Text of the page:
Live cheaper in Bali – guide to a better lifestyle
The Choice to Live Cheaper in Bali
#1 Accommodation – It is Much Cheaper to Live in Bali than in Big Cities Anywhere in the World
#2 Food – You Can Get Quality Food at Ridiculous Prices in Bali
You can definitely get quality food at ridiculous prices. This is a daily expense that can make it possible to live cheaper in Bali. The local “Warungs” or home run restaurants offer a “buffet-style” selection of warm and cold foods that are not just appetizing but also fresh. You have to know that no one really cooks in Bali. The locals will usually have a rice steamer at home and that is the maximum amount of cooking that will happen. All the food is purchased from the local warungs.
Since the average salary for a local is around $200 a month, food has to be cheap. Typically lunch in a warung will consist of a bowl of white or yellow rice. You can then select from chicken, meat or fish. The meats are in B.B.Q style or in succulent sauces. Next, you can select from mouth-watering vegetables, all flavored with tasty “sambal” or sauce. The meal is not complete without “krupuk”. Krupuk or Kripik is a variety of crackers similar to what the Chinese use as “prawn crackers”. The Balinese, however, have unlimited imagination with their crackers. You can find them with peanuts and herbs. The fish variety and the meat variety. All Krupuk is deep fried. Hugely unhealthy, fattening, and utterly delicious.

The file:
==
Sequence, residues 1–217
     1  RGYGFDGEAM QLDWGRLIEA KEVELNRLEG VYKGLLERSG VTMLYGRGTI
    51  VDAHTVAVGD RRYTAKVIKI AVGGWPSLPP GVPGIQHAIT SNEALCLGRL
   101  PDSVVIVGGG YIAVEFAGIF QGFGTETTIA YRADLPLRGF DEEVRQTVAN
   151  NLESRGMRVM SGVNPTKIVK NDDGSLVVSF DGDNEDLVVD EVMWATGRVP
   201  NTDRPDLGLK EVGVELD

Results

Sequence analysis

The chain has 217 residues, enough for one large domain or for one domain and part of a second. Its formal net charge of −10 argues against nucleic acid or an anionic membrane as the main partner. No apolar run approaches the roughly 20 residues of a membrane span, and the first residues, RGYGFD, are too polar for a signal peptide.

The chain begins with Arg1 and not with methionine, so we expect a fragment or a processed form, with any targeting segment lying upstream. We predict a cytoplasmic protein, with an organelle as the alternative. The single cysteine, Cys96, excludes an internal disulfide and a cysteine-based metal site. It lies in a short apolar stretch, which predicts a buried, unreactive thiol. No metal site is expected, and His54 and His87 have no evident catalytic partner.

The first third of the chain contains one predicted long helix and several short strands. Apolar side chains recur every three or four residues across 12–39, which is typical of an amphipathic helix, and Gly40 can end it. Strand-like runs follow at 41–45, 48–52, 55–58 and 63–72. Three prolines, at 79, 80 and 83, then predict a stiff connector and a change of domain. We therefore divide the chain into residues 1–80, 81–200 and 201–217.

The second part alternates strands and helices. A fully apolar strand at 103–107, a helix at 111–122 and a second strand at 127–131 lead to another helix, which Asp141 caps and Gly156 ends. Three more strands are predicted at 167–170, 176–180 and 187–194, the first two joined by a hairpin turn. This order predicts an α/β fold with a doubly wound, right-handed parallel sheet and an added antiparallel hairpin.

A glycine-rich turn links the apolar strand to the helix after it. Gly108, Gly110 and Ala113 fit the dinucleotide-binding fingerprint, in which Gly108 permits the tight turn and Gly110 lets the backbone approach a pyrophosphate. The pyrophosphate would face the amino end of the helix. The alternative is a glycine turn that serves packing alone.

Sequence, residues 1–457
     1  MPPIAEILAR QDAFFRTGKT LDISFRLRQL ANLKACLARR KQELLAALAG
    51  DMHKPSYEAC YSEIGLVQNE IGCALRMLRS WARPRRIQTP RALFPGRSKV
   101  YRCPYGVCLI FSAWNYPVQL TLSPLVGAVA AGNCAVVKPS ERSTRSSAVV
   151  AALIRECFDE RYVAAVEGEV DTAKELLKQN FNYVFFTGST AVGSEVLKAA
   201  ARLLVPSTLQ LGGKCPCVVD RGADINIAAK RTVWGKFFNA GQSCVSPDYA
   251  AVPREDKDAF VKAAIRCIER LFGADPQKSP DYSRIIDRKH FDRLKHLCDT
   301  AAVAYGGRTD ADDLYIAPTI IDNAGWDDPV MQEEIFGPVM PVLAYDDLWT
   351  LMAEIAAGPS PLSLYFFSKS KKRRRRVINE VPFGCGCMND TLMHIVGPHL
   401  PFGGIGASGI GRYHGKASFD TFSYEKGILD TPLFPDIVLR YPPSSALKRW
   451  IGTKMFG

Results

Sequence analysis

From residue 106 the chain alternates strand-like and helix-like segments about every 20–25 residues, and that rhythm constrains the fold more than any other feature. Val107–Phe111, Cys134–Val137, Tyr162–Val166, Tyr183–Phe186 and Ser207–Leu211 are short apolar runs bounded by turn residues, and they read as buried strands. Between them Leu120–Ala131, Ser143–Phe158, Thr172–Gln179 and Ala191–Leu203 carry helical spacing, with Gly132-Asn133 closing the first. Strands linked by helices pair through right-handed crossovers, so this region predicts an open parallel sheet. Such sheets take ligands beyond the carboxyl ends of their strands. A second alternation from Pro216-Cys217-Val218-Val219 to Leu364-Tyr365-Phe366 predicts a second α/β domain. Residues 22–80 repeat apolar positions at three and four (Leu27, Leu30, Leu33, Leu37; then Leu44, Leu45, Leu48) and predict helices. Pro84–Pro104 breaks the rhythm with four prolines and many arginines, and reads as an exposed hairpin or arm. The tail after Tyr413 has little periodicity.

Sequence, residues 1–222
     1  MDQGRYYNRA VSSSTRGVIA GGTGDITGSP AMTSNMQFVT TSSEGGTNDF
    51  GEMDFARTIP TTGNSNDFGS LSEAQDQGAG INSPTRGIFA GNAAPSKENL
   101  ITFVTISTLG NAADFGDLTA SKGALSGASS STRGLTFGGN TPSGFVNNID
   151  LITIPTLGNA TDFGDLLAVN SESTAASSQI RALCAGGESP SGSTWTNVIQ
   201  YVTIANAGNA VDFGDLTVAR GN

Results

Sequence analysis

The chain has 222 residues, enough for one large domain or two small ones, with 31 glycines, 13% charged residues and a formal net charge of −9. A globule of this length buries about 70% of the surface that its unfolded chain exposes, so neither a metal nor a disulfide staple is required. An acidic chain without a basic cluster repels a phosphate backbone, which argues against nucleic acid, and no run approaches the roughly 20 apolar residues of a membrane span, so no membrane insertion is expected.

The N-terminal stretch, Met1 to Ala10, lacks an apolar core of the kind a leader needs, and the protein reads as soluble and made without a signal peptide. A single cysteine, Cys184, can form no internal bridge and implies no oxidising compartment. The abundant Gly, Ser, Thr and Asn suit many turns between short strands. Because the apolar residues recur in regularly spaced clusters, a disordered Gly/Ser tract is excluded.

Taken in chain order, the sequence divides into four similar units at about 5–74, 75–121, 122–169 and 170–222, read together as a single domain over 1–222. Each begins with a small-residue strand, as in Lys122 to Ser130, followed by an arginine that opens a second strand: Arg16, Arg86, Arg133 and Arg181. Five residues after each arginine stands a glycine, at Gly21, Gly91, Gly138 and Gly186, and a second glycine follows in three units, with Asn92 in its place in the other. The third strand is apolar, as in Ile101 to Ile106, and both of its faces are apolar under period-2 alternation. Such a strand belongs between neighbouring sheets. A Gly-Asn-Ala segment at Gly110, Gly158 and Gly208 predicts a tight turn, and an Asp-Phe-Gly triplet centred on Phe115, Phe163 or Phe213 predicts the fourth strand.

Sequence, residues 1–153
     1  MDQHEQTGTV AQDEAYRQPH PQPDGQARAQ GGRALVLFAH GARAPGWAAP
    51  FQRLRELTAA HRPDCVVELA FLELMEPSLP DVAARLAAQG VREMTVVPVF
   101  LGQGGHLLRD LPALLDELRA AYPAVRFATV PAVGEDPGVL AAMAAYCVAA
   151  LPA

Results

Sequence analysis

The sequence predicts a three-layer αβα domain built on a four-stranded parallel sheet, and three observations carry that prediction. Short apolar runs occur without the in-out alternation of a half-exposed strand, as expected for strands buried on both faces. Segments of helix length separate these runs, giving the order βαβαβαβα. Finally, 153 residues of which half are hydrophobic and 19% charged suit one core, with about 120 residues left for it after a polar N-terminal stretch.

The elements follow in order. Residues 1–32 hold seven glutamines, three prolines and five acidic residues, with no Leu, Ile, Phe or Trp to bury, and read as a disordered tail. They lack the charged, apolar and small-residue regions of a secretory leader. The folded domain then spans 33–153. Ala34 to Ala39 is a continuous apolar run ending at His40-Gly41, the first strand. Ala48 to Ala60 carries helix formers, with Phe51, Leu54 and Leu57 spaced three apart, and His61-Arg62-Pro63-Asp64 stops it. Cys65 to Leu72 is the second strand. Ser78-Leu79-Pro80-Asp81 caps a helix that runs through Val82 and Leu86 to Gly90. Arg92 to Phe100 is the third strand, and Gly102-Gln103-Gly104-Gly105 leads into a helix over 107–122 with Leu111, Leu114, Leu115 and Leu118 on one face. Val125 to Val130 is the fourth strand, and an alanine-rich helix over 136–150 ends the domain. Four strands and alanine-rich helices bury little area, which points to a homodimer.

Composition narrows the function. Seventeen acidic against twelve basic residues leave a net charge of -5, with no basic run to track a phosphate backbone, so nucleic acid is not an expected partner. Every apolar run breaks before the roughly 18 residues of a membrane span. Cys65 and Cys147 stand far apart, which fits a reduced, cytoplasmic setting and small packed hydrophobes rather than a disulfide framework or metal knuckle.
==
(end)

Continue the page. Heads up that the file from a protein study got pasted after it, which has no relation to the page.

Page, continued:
When it comes to picking up the bill you are faced with a calculator and a cursory look at what you have piled on your plate. Expect a bill of anywhere between $1 – $3 depending on the quality of your pick! And you also get a free bottle of water to wash down your food with.
Typical Warung lunch with Grilled Chicken, Rice and Krupuk
Other Restaurants and Alcohol – Must Knows About How to Live Cheaper in Bali
Fancier restaurants are still cheap in Bali. However, despite the fact that Bali is predominantly Hindu, it is still Indonesian. Indonesia has the largest Moslem community in the world. Therefore, although alcohol is profuse and easily available in Bali, it is highly taxed. Expect to pay $50 for a cheap bottle of wine. And $8-10 of a shot of anything stronger. Bintang, a nice lager remains quite cheap at $2 a can. Beer is locally produced and therefore cheaper.